From left, Kennedy Middle School eighth graders Alyssa Sonnenfeld, Emily Tolcer, Adelia Nasir and Ava Pittiglio have researched the level of microplastics in Lake St. Clair.

From left, Kennedy Middle School eighth graders Alyssa Sonnenfeld, Emily Tolcer, Adelia Nasir and Ava Pittiglio have researched the level of microplastics in Lake St. Clair.

Photo by Kristyne E. Demske

Lake Shore Public Schools students work to protect the lake from microplastics

By: Kristyne E. Demske | St. Clair Shores Sentinel | Published February 28, 2020


ST. CLAIR SHORES — A dropped water bottle here, a flyaway piece of plastic wrap there, a straw that slipped, unnoticed, off the table.

No big deal, right?


Four Lake Shore Public Schools students have spent the past several months sampling, measuring, investigating and experimenting with solutions to the problem of microplastics in the Great Lakes, including St. Clair Shores’ own watery neighbor, Lake St. Clair.

Microplastics are pieces of plastic smaller than 5 mm, which the eighth graders at Kennedy Middle School discovered were in the sand and water of five different beaches along Lake St. Clair: Veterans Memorial Beach and Blossom Heath Beach in St. Clair Shores, Lake St. Clair Metropark Beach in Harrison Township, and beaches in Marine City and New Baltimore.

“Plastics you use every day don’t go away. They just keep getting smaller and smaller,” said Adelia Nasir.

She and three of her friends and classmates — Alyssa Sonnenfeld, Emily Tolcer and Ava Pittiglio — worked under the direction of science teacher Jann Tamer on a national STEM-based competition, eCYBERMISSION, sponsored by the U.S. Army. STEM stands for learning centered on science, technology, engineering and math.

“Our mission is to look at a community issue and to solve that issue using either engineering (or science),” Tamer said.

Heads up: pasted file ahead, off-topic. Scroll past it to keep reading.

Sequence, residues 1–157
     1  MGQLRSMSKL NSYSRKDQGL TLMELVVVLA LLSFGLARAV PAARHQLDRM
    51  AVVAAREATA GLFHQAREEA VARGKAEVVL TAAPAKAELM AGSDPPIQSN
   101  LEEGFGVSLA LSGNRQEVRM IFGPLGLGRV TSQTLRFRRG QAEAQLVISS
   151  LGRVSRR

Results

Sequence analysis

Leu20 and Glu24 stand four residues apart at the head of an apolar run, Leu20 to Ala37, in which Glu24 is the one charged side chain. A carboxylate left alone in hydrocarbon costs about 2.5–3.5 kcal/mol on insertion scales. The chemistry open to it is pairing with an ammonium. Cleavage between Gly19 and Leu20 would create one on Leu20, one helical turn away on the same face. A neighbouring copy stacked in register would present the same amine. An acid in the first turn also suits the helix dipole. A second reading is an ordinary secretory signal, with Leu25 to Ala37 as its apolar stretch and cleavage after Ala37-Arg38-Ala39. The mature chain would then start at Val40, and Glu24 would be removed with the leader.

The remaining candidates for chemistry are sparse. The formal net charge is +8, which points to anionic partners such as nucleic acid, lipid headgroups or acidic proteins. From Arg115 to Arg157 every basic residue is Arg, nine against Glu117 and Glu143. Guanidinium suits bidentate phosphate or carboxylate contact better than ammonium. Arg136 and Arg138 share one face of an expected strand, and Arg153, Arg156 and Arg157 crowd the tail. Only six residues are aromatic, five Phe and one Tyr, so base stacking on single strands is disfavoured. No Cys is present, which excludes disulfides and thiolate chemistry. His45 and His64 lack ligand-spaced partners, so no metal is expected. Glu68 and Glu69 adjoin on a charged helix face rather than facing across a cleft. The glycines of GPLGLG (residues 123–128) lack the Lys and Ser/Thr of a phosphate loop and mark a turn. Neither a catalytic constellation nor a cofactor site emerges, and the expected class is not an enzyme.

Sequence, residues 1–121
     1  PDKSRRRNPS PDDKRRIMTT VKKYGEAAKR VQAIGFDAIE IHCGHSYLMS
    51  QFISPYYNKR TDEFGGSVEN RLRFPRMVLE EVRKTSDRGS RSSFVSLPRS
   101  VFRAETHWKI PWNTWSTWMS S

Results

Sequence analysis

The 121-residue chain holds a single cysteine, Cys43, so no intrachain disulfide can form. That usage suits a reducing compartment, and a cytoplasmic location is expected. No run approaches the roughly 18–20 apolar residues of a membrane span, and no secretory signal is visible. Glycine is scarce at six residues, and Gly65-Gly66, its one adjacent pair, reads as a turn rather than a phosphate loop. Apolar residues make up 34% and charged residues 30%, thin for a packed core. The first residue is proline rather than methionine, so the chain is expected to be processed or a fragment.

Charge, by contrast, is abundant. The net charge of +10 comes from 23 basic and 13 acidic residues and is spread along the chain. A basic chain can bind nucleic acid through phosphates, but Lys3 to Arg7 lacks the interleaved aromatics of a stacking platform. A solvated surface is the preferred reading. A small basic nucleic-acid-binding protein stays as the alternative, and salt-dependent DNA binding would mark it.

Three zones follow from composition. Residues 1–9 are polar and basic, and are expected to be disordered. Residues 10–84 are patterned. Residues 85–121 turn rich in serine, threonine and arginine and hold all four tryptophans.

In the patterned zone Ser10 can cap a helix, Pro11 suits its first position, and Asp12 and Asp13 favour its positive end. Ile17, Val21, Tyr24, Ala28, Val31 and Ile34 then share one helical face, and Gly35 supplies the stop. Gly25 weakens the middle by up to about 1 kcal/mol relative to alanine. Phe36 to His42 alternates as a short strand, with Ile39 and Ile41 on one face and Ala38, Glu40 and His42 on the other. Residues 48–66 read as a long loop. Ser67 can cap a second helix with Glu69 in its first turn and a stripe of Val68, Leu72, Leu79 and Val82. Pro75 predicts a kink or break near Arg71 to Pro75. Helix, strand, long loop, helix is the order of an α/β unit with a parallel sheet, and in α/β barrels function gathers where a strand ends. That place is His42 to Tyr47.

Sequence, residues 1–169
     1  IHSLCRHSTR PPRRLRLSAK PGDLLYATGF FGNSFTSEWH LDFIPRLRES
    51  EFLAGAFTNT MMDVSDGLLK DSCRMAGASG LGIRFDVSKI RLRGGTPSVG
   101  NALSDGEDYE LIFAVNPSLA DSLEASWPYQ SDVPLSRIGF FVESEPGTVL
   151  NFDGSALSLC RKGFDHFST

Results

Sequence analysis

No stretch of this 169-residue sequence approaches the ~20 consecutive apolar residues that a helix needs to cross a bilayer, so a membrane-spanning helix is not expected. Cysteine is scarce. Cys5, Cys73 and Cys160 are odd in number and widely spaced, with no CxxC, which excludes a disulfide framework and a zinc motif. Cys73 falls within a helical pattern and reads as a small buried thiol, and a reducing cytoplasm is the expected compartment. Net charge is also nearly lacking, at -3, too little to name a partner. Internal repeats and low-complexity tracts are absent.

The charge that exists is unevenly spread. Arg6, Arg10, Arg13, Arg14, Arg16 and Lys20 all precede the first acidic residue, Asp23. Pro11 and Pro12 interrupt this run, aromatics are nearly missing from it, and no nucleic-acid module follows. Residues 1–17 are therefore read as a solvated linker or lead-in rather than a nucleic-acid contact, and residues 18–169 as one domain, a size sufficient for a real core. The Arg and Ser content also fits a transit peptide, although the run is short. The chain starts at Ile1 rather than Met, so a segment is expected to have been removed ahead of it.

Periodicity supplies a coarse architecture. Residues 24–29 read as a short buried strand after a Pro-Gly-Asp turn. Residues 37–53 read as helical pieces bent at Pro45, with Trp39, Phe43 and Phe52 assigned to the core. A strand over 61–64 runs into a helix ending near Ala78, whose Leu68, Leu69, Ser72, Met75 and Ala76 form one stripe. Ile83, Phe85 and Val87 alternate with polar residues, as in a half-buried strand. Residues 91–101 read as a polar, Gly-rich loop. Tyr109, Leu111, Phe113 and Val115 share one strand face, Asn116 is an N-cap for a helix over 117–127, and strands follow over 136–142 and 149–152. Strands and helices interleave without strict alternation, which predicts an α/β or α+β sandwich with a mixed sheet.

With Lake St. Clair practically visible down the street from their school on Masonic Boulevard, the girls gravitated toward a community issue plaguing the lake.

Assisted by a researcher from New York and guided by Tamer, the students learned how to test the samples of water and sand for the presence of microplastics using a Nile red dye, which illuminates the microplastic when viewed through a special lens.

“There was a problem when we put them in the petri dishes,” Sonnenfeld said. “The petri dishes are made of plastic, so they contaminated the results.”

The four students didn’t give up.

“We see failures as the opportunity to learn from them,” she said during the Feb. 24 Lake Shore Board of Education meeting where they presented their results.

Even with a 30% error rate, Tamer said that the students “got really good results,” although she said the results were actually “not so good (for the environment) because there was the presence of microplastics in all of the samples.”

As they sampled the beaches at Veterans Memorial and Blossom Heath, the quartet also discovered the presence of macroplastics in the sand, Tamer said, leading them to make a presentation to the St. Clair Shores Waterfront Environmental Committee with their findings. The committee donated $600 to have two signs constructed that were designed by Sonnenfeld, the so-called “artist of the group,” which will be placed at the beaches warning visitors about the dangers of pollution.

The students said they discovered the greatest amount of microplastics at Marine City, which they attributed to the fact that it’s located just south of the Sarnia wastewater plant, which empties into the St. Clair River.

Wastewater treatment plants don’t test for or remove microplastics from the water, the girls said, which led them to develop a solution for some of the pollution: a laundry filter.

Ten to 12 million microfibers are produced in just one load of laundry, Pittiglio said, so the group developed a cheap and easy-to-use filter for the washing machine and made a YouTube video with instructions on how viewers can make their own with some easy to find items. All of the students’ results, the video and more are on a website they created,, and they also created an Instagram account for their Pollution Police group, pollution.police.

The team will be competing against other eighth graders in their region for the chance to compete at the national level of the eCYBERMISSION.

Tamer said that when the opportunity arose to compete, she thought she had the right students for the project. She had worked with the four on a project when they were in seventh grade.

“I thought, I’m going to have these girls for a full year, why don’t we do something with this and actually compete,” she said. “It was like an evolution of them moving from seventh to eighth grade with me.”

The students submitted their project Feb. 25 and different levels of judging will occur throughout the next several months, with national judging in June.

Call Staff Writer Kristyne E. Demske at (586) 498-1041.